'Any ideas about the cause of death?' asked Katie. 'Not to prejudge Dr Reidy's autopsy, of course.'
The older technician cleared his throat. 'One of two or three things, I'd say; or a combination of all of them. He was garrotted with very thin wire, which was twisted tight at the back of his neck with the handle of a soup spoon. The same type of wire was used to tie his wrists and his knees and ankles. But he could just as well have bled to death, or died of shock.'
With that, he bent over the priest's body and turned him on to his back. The priest's left arm flopped into the water with a splash. The technicians had cut the wires that had fastened his knees and his ankles together, and then they had unbuttoned his black soutane all the way up to his waist.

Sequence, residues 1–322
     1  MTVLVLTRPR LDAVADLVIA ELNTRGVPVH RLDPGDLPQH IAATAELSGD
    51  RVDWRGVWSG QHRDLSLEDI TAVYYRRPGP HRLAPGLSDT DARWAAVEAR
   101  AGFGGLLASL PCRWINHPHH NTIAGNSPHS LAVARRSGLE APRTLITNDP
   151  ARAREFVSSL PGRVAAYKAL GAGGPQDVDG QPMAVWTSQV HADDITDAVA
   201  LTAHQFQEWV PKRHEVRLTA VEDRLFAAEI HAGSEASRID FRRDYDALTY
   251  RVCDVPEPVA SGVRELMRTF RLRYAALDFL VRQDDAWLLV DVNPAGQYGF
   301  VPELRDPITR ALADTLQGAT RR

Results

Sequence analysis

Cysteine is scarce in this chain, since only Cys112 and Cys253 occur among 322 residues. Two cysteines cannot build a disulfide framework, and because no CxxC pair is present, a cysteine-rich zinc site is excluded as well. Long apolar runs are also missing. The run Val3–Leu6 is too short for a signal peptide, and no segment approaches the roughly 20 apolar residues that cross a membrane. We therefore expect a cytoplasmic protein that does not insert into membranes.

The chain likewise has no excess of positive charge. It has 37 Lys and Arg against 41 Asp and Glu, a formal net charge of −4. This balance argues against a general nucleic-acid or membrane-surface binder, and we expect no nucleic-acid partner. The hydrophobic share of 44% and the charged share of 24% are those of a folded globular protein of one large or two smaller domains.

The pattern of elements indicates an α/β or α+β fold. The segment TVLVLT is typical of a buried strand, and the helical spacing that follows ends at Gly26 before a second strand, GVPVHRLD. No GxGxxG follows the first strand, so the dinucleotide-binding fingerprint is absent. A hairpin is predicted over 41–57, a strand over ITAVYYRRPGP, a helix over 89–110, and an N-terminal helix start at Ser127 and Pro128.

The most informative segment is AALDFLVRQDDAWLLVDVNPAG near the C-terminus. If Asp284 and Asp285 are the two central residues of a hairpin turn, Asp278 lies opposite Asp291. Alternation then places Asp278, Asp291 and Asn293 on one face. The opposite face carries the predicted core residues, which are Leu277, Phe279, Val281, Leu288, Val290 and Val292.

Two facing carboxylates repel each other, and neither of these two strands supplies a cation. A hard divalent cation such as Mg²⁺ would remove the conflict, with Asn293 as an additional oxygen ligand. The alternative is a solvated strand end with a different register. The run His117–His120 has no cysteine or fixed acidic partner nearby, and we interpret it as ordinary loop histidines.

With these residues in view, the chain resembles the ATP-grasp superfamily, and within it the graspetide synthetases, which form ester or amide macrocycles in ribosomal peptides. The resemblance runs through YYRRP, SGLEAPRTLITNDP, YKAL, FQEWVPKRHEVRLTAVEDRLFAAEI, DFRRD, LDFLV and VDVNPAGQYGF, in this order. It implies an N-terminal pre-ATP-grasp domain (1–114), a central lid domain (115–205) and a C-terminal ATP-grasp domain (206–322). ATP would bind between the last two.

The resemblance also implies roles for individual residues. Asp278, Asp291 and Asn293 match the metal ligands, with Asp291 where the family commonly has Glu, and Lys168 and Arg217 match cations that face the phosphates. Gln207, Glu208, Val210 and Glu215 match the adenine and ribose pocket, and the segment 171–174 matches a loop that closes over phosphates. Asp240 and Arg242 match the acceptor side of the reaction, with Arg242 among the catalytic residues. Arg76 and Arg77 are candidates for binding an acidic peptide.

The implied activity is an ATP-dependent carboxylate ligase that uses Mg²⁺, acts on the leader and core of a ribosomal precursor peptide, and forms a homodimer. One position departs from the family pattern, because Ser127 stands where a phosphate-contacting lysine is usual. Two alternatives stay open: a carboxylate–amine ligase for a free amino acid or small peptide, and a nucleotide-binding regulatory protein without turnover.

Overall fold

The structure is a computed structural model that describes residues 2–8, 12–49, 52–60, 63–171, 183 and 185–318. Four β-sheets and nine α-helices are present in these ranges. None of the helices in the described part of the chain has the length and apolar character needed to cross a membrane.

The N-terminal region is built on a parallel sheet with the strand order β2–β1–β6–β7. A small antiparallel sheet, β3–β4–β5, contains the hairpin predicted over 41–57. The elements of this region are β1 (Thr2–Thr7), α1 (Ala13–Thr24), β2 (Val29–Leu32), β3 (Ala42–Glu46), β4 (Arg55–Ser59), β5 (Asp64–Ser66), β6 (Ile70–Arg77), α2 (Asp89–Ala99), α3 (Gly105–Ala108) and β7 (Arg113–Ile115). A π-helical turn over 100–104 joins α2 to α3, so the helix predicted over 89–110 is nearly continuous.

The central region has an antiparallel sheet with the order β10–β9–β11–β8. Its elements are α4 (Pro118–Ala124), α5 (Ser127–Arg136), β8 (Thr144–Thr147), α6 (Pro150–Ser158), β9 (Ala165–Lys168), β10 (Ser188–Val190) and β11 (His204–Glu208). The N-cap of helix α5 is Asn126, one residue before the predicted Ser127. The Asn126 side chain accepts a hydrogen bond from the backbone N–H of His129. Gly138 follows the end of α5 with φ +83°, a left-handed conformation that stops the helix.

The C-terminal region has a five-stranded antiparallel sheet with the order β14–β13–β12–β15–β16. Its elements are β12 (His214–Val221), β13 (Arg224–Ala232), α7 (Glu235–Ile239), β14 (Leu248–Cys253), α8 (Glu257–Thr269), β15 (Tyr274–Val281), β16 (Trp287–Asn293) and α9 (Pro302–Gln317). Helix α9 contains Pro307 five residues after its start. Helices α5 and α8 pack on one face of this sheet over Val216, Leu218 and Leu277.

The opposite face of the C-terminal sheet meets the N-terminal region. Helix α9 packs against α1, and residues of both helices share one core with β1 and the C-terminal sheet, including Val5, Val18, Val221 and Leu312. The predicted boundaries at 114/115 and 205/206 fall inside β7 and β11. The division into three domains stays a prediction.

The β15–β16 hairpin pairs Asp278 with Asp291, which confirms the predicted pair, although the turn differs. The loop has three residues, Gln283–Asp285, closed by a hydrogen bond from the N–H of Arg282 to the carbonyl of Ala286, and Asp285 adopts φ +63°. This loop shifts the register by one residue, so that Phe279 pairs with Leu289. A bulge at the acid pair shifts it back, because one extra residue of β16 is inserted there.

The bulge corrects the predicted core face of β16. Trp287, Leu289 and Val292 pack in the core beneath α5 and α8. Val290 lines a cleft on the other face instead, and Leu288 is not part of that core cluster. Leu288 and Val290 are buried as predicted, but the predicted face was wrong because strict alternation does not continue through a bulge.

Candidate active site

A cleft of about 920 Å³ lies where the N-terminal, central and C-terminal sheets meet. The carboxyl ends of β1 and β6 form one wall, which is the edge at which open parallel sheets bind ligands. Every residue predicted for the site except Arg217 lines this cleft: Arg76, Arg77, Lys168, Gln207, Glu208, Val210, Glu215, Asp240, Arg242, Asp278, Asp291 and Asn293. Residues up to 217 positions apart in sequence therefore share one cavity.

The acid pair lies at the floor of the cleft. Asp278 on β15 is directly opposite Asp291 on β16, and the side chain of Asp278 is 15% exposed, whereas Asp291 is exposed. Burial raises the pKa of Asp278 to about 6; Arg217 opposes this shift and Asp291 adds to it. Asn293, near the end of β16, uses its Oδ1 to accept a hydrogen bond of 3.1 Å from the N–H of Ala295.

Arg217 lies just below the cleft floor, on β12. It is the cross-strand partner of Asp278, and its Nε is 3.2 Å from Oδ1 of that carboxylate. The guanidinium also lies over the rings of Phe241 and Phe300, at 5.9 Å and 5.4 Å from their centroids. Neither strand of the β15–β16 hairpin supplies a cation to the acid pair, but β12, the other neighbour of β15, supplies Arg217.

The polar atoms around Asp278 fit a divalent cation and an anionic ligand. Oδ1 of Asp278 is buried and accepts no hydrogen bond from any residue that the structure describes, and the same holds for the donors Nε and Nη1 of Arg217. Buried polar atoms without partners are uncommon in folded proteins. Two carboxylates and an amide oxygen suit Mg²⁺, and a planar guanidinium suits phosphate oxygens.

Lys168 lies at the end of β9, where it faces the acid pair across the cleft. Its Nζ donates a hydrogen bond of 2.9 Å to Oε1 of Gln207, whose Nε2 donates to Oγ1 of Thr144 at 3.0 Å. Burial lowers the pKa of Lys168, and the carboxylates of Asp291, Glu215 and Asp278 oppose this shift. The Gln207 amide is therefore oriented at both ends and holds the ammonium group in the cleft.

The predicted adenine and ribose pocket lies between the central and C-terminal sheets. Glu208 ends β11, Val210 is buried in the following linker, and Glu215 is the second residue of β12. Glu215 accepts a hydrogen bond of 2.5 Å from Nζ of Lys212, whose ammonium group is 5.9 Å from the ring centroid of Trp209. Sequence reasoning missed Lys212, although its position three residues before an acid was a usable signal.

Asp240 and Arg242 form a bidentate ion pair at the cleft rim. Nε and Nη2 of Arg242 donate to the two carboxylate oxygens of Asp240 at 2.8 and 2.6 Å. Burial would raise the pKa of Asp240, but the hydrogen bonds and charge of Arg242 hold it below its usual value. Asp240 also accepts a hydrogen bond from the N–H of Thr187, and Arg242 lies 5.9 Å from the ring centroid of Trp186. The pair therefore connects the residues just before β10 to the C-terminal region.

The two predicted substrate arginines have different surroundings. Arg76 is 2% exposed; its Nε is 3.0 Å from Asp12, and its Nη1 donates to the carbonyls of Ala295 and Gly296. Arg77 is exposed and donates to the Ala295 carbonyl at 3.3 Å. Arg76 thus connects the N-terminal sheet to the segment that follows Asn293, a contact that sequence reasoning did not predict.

He was wearing no underpants. His flaccid penis lay sideways on his fat white thigh, but underneath it, where his testicles should have been, there was nothing but a dark gaping hole.
Excerpted from Broken Angels by Graham Masterton. Copyright © 2011 Graham Masterton. Excerpted by permission of Head of Zeus Ltd.